Much is written about connecting protected areas with the aim of achieving landscape-scale nature conservation, and the problems of isolation, fragmentation, edge effects and so on in small, disconnected sites are well known, even if some of the mechanisms involved are not fully understood (e.g. Harris 1988, Murcia 1995). There are many examples of areas where species and areas of 'protected' habitat have suffered through a lack of connectivity, both in terms of the landscape itself and the policies and legislation covering them. In Britain, one particular example, the Pashford Pot Beetle Cryptocephalus exiguus, illustrates this issue especially clearly at the national (UK) level.
|C. exiguus, photo © Lech Borowiec|
C. exiguus is a widespread Palaearctic species (in Mongolia and Korea it is known as ssp. amiculus), but in Britain has only been recorded in few scattered sites, mainly in eastern England. Between 1898 and 1954 it was recorded from Freshney Bog, Lincolnshire, but since then it has been known only from a single site - Pashford Poors Fen, Suffolk - with the most recent record from 2000.
|NBN map of C. exiguus distribution|
Pashford Poors Fen is a SSSI (Site of Special Scientific Interest) and a nature reserve managed by the Suffolk Wildlife Trust. Covering 11.3 hectares, it is known for its mosaic of drier grassland and wetter fen areas, both of which support a range of interesting plant and animal species. It is however essentially an ecological island within a sea of intensive land use (mainly agriculture). C. exiguus itself is listed as 'Endangered' (RBD 1) and is covered by the UK Biodiversity Action Plan (BAP). It is a wetland species associated with mixed fen and fen meadow, and although little is known about its biology in Britain, it is believed to feed on Common Sorrel (Rumex acetosa), among other possibile host plants. Targeted survey efforts found small numbers during the 1980s and 90s and concluded that the habitat had degraded to such an extent that it could only support a small population, if any. Although the BAP set a target in 1995 of maintaining the population, and if possible enhancing it with a view to translocating it to other sites, it has not been found since 2000 and BAP reporting in 2005 simply stated 'Target not Achieved'. Given that the species was listed as Endangered in the 1980s and subsequently BAP listed, and the site is a nature reserve designated as a SSSI and managed well by a conservation body, what has happened?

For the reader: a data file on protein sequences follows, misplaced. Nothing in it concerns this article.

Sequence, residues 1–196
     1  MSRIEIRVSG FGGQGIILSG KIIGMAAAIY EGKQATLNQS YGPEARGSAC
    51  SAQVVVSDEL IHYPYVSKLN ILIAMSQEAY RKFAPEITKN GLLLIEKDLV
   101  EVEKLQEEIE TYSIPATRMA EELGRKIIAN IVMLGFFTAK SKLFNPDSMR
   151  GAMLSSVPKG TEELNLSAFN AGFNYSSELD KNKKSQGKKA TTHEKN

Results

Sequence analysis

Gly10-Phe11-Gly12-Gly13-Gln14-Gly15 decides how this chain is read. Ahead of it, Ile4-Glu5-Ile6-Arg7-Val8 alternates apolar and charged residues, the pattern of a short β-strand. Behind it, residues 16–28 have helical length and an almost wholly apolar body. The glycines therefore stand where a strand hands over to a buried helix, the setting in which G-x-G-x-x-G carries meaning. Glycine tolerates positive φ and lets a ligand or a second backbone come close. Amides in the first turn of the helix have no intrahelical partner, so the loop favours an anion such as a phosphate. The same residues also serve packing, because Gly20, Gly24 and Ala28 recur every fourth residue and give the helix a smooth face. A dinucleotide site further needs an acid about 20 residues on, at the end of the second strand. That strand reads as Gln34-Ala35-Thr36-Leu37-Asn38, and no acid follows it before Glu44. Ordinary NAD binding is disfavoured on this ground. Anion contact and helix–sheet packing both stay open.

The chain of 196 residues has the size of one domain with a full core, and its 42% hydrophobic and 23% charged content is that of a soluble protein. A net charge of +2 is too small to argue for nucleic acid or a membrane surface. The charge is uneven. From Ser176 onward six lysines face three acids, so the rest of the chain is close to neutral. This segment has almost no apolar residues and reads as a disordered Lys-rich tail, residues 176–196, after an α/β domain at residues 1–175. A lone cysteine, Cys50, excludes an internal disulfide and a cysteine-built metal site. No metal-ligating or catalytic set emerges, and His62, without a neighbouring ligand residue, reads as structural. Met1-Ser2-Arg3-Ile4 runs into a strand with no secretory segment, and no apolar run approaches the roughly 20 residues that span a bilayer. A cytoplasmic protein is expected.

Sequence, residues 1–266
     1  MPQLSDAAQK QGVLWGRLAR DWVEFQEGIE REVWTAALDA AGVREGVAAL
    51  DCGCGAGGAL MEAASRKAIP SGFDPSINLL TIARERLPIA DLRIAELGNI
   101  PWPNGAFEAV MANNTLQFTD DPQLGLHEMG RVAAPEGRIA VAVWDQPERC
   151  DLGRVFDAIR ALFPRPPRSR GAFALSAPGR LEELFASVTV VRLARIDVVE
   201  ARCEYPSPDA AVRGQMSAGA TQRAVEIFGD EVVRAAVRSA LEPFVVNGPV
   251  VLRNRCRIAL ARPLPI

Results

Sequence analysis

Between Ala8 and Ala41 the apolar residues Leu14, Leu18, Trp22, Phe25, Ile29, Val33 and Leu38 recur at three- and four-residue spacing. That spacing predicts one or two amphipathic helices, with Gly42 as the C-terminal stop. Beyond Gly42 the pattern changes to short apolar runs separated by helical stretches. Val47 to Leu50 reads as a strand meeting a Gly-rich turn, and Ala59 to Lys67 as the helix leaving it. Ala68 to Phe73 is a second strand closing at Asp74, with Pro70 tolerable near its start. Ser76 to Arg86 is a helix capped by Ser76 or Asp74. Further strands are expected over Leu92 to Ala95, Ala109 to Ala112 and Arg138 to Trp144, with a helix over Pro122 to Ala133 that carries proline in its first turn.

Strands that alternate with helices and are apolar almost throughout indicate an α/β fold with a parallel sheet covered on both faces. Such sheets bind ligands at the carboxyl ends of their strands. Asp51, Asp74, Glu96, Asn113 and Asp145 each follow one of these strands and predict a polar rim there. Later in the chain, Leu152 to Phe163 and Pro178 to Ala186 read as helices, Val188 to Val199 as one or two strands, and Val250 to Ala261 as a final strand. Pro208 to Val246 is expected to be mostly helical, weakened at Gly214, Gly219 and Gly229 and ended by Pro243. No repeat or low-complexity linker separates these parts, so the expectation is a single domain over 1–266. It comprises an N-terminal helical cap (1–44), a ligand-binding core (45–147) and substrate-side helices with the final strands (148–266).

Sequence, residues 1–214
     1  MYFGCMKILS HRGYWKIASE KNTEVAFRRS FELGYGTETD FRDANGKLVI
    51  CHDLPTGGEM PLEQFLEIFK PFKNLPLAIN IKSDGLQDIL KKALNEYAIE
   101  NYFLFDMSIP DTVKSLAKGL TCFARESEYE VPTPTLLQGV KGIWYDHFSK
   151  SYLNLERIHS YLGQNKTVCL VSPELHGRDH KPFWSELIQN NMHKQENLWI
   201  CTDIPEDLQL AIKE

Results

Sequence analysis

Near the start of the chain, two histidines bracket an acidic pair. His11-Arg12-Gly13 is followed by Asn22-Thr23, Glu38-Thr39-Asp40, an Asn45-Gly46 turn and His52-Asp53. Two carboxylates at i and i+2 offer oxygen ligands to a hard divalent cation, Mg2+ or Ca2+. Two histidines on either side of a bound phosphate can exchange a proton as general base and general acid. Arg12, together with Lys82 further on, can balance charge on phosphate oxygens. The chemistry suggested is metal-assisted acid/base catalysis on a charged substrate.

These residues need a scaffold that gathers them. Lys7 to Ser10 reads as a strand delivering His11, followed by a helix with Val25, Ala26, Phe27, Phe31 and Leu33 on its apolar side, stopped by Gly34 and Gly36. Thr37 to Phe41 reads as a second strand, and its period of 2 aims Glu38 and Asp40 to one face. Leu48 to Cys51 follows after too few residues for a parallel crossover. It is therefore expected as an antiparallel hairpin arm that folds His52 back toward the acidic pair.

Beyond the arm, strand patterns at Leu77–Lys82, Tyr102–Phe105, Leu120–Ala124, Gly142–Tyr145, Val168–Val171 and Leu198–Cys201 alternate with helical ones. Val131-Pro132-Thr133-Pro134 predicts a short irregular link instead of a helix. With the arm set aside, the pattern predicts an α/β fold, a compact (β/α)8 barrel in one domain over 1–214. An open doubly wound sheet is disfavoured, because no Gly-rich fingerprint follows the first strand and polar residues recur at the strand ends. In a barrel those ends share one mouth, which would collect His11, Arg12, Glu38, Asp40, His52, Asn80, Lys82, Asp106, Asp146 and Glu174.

Essentially, this is where the landscape issue comes in. Fojt (1994) noted that fens and their vegetation communities (many of which are localised, some of which are rare, and all of which are of high conservation value) are dependent on calcareous spring water, but that they are threatened by drainage (e.g. for agriculture). Many fens have been damaged by drainage, and although this has been occurring for a long time, spring-dependent communities have often survived. However, more recently there has been increased abstraction of aquifer water, and this fundmentally threatens the ecological functioning of fens both directly and by worsening the effects of droughts (which may well increase in frequency and severity as a result of climate change). Fojt's report notes that changes had already occurred in the species composition of many sites, in some cases changing the type of vegetation community. This of course has knock-on effects on species, such as invertebrates, which rely on particular plant communities. Fojt also notes that groundwater abstraction directly threatens springs and their associated (and nationally important) plant communities although in most cases, the lack of intensive hydrological study makes it difficult to determine the precise impacts of groundwater abstraction on fen water tables. Looking at solutions, Fojt noted that,